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The Caisse de dépôt obtains a return of 13.5% in 2021



The Caisse de dépôt et placement du Québec (CDPQ) obtained a weighted average return of 13.5% in 2021, its best since 2010 and better than its benchmark index at 10.7%.

By comparison, the average return for Canadian pension funds was 8.9% last year, according to RBC Investor & Treasury Services’ Pension Plan Universe.

The institution unveiled its results Thursday morning.

The good performance comes in particular from private placements, which achieved a return of 39.2%, more than 7 performance points above their benchmark index. Infrastructure also did well with a return of 14.5%, 3.1 percentage points better than the benchmark.

As of December 31, the asset manager’s net assets totaled 419.8 billion, up 55 billion in one year.

In 2021, all of our wallets delivered the goods […] What emerges is that our strategies are working and take into account today’s major challenges: the climate transition, the digitization of the economy and the ongoing changes on an international scale.

Charles Emond, President and Chief Executive Officer of the Caisse, in a press release.

The yields of the eight main depositors, such as the Quebec Pension Plan, are between 9.3% and 15.9% over one year. Over ten years, their annualized returns vary between 8.2% and 10.6%. Depositors’ return needs are on average 6% over the long term.

The Caisse’s assets invested in Québec reached $78 billion, up $10 billion.

Ukraine: Lasting Uncertainty

Mr. Emond, acknowledged that the day of the unveiling of the results fell, Thursday morning, “in a particular moment” and at a time of great uncertainty while Russia invades Ukraine.

Asked about the Ukrainian conflict, Mr. Emond said he expected the consequences to be felt in a “lasting” way. The rise in the price of natural gas in Europe, the rise in oil prices, the acceleration of inflation and the pressure on global growth are among the possible impacts, he gave as an example. “The backdrop, which is already complex, may go from complex to complicated. »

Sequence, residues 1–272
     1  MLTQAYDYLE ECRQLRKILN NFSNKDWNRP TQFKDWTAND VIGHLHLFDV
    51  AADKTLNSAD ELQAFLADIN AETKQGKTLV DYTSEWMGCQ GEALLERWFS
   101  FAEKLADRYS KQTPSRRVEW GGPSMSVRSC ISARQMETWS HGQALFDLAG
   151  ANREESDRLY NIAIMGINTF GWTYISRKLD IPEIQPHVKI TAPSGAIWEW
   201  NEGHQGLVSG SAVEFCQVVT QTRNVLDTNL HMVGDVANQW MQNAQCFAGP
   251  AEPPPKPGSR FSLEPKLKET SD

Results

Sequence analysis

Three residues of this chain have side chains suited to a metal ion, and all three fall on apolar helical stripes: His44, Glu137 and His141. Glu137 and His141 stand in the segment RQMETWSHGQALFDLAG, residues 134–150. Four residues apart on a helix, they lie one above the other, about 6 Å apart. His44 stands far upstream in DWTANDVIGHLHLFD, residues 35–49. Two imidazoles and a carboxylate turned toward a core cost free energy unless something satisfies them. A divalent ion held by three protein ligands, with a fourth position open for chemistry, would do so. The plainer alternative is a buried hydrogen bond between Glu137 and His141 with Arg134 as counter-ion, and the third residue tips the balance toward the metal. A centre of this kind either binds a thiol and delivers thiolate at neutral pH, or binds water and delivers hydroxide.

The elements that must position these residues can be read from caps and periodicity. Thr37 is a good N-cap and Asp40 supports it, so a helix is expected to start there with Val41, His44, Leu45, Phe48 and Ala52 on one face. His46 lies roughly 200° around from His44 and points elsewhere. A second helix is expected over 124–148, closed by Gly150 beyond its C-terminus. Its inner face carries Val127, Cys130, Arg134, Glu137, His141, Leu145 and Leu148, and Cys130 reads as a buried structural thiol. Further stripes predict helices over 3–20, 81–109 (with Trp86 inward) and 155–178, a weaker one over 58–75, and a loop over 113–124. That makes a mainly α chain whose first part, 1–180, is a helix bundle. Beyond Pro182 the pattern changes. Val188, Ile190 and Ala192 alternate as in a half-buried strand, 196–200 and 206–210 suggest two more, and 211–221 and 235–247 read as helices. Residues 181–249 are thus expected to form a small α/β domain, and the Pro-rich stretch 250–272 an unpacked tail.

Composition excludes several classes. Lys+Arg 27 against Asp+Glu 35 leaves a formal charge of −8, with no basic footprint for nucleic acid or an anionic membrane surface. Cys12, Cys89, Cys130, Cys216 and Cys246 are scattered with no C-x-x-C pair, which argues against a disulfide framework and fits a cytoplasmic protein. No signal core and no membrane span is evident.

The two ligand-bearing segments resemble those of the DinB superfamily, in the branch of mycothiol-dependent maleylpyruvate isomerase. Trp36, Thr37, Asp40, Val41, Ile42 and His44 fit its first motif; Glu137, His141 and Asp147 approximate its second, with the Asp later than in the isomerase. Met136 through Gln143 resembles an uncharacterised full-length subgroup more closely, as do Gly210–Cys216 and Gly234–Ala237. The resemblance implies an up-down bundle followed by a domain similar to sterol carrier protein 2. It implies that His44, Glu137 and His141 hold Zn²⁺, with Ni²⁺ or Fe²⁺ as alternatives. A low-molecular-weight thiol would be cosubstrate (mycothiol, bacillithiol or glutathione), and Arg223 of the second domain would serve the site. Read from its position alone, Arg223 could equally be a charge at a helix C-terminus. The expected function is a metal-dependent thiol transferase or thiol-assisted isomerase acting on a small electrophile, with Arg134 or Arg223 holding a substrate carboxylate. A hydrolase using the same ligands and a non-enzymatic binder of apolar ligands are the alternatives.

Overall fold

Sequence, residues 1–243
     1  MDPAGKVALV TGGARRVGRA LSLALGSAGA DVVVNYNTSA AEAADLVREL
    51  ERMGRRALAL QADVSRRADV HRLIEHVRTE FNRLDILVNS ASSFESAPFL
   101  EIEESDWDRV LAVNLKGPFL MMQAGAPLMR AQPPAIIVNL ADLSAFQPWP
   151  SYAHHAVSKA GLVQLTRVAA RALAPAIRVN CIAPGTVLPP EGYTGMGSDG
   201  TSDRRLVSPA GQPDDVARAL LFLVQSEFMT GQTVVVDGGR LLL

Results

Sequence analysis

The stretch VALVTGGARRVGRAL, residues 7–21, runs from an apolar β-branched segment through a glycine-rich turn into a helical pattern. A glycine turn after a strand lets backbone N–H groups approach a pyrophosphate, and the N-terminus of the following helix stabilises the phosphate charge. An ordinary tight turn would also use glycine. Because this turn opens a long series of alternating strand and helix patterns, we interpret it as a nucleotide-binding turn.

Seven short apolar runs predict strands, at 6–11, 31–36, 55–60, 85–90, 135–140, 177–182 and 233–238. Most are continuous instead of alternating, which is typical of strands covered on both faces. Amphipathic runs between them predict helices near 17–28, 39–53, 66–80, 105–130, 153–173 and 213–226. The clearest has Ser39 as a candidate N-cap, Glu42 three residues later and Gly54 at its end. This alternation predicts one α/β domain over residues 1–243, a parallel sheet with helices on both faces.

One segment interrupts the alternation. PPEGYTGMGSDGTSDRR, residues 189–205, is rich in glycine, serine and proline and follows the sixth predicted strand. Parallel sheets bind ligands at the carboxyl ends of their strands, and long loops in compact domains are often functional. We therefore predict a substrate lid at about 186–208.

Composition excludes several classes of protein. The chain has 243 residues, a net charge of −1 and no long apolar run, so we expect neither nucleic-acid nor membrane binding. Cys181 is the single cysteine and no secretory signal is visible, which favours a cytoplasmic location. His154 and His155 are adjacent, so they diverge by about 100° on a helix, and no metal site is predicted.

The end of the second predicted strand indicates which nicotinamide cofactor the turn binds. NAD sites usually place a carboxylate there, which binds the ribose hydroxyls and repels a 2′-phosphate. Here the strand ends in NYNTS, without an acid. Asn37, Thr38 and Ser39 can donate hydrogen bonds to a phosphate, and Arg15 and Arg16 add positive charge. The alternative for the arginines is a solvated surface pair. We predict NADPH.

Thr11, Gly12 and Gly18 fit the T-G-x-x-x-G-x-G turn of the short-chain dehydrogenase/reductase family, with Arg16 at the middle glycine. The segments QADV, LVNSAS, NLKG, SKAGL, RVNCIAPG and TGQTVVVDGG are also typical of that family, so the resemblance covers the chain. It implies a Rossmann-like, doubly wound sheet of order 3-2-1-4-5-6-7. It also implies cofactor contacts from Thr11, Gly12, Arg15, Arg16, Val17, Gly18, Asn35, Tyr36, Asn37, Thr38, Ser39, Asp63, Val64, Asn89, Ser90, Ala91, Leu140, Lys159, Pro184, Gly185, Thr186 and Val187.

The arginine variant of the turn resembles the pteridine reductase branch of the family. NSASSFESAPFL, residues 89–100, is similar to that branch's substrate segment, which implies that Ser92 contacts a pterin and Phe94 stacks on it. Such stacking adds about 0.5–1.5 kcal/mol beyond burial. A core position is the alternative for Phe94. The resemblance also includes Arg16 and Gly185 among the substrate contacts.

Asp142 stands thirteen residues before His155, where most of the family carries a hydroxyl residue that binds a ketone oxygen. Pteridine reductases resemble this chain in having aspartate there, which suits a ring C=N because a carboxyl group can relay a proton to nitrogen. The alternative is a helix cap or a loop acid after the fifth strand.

This geopolitical crisis comes in an already difficult economic context, adds Vincent Delisle, head of liquid markets at the CDPQ. He points out that the Caisse had already anticipated greater market volatility and that it had adopted a more cautious approach in its stock market strategy and in the bond market. “It comes at a time when the economy was already dealing with significant inflationary pressures. »

Mr. Emond was also questioned about the institution’s investments in Russia. As of December 2020, his portfolio contained companies blacklisted by Canada since 2014, due to Russia’s invasion of Crimea, reveals The Press last week.

The Caisse complied with the law, because its assets were in the portfolio before the announcement of the sanctions. Mr. Emond said that all sanctioned businesses have been sold.

In addition to actively managing its stock market portfolio, the Caisse also uses indexing strategies, whose portfolio reproduces the content of a stock market index. Some international indices contain Russian companies. “It is impossible not to expose oneself to it, Russia is in the world. »

The Caisse contacted the subcontractors responsible for its indexing strategies to see how to “correct the situation”. “There is no point in investing directly and exposing oneself to strategies in relation to Russia. »

With The Canadian Press

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